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February 27, 2004

You Could Look It Up

Problems in Red Sox Management: A Tourist's Guide

by Steven Goldman

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This is the seventh installment of YCLIU, the designated space at BP where we play Monday-morning quarterback with history. If Dr. Seuss was writing this column, he might introduce the concept this way:

Oh, the Baseball Places You'll Go!

Y-C-L-I-U
Is that thing that we do
To visit the past-times
That happened to you

Except that they didn't!
'Cause you weren't born!
But Babe Ruth was around
And so was Sam Horn!

If you pay attention
You can learn much
From a Gehrig named Lou
And a Hobson called Butch

This time-traveling jaunt
May have its naysayers
But say what you want!
You can't libel dead players!

Alas, Ted Geisel is beyond our reach, so we'll just skip lightly onto the topic at hand, a visit to the flannel years and the first big Red Sox spending spree, which kicked off in 1933 and somehow managed to accomplish absolutely nothing of importance. The idea that the Baltimore Orioles have perfected under Peter Angelos, that one can spend quite a lot of dough on a team and still have a product that is not terribly competitive, is not a new one, and despite John Henry's post-A-Rod bellyaching, the original model was created in Boston, not New York.

TOMMY YAWKEY BUYS A TOY

Having inherited a great deal of dough at a very young age, Thomas Yawkey was one of that now-extinct men of leisure known as a "millionaire sportsman" (just as dinosaurs evolved into birds, millionaire sportsmen evolved into Paris Hilton). On his 30th birthday, Yawkey came into even more money. When Yawkey was a lad his uncle/foster-father had briefly owned the Detroit Tigers, and he'd gotten to like being around ballplayers. For a while he was close friends with Ty Cobb, until the Peach attacked Yawkey with one of his patented tirades. The freakout was one of the worst mistakes of Cobb's life, because when Yawkey decided to get into baseball, he didn't ask Cobb for help, but turned instead to another friend, the steadier Eddie Collins. In February, 1933, four days after his birthday, Yawkey purchased the Red Sox and made Collins his vice president and general manager. The great second baseman would run the team for the rest of his life, while Cobb would play a lot of golf.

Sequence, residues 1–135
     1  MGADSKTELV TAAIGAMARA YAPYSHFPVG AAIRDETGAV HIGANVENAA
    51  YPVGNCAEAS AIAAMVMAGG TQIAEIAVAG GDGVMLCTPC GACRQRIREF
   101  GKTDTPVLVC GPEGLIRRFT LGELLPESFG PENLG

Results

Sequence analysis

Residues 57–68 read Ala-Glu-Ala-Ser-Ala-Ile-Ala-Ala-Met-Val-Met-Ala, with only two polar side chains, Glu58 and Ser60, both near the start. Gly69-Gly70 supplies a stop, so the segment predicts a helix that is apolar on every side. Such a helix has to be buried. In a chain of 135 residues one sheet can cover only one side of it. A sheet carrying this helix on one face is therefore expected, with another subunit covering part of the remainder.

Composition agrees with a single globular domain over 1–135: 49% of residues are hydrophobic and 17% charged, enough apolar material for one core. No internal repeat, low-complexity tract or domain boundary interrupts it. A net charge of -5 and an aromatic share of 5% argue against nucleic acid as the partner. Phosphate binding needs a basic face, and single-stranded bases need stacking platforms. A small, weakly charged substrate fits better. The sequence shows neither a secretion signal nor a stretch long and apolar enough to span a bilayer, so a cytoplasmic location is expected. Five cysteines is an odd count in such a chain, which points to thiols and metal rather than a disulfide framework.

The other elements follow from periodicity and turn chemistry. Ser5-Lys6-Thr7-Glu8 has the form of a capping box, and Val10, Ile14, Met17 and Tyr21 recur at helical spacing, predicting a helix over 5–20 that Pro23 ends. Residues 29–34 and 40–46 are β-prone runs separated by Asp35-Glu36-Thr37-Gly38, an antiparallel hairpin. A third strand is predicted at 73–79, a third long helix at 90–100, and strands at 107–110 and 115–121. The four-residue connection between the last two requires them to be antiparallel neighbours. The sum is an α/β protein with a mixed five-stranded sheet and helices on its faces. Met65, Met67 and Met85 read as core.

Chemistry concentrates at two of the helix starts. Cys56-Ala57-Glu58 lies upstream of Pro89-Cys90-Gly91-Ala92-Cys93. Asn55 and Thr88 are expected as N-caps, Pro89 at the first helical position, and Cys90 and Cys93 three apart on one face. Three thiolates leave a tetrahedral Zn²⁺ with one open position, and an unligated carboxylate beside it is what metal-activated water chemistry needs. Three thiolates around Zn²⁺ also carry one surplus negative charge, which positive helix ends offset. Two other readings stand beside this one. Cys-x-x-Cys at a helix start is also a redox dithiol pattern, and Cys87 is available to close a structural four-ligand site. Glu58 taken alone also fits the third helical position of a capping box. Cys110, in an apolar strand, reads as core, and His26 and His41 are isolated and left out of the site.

The Red Sox that Yawkey purchased from J.A. Robert Quinn (grandpa of the former Yankees and Giants general manager) were still trying to recover from the rapacious ownership of Harry Frazee. Quinn had never had the money to restock the team's talent pool--his principal backer had died just after Quinn's group bought the club--but had nonetheless grappled with the club for nearly 10 years. Quinn's Red Sox had gone 544-988, a .355 winning percentage, and had finished out of last place just twice. His final team, the one Yawkey inherited, had a spectacular-in-all-the-wrong-ways record of 43-111 (.279).

The team had few if any keepers; certainly no there was no future Cobb or Collins to be found in the mix. The best hitters Dale Alexander and Smead Jolley, were both defensively immobile. A Sox trainer would shortly crisp Alexander's leg in a diathermy machine, destroying his offensive value. The best pitcher, Danny MacFayden, went 1-10 and was traded to the Yankees.

Anticipating George Steinbrenner, who was evidently paying attention though he was just two years old at the time, Yawkey went on a spending spree to quick-fix his club. With a fortune in lumber money behind him, he was easily the richest man in baseball and flung his cash around accordingly. This four-year, $3.5 million binge is itemized below:

Adjusted for inflation, Yawkey spent about $44 million in 2003 dollars.

There was method to the Yawkey/Collins madness. Some of his purchases were downright sabermetric, or Prospectusmetric, if you prefer, in many cases taking advantage of their trading partners in moments of extreme vulnerability:

  • Rick Ferrell has been derided as one of the worst Hall of Fame selections, but he still a good player. Bill Dickey and Mickey Cochrane were the top catchers in Ferrell's American League. Those two being unavailable to the Red Sox, Ferrell was easily the best of the remaining choices. He was a quality regular for the Sox. From 1933 to 1936, he batted .302/.392/.411, an .803 OPS versus a league OPS of .780, and was regarded as a defensive standout. The Browns, in the process of drawing 88,113 customers for the entire season, needed the cash.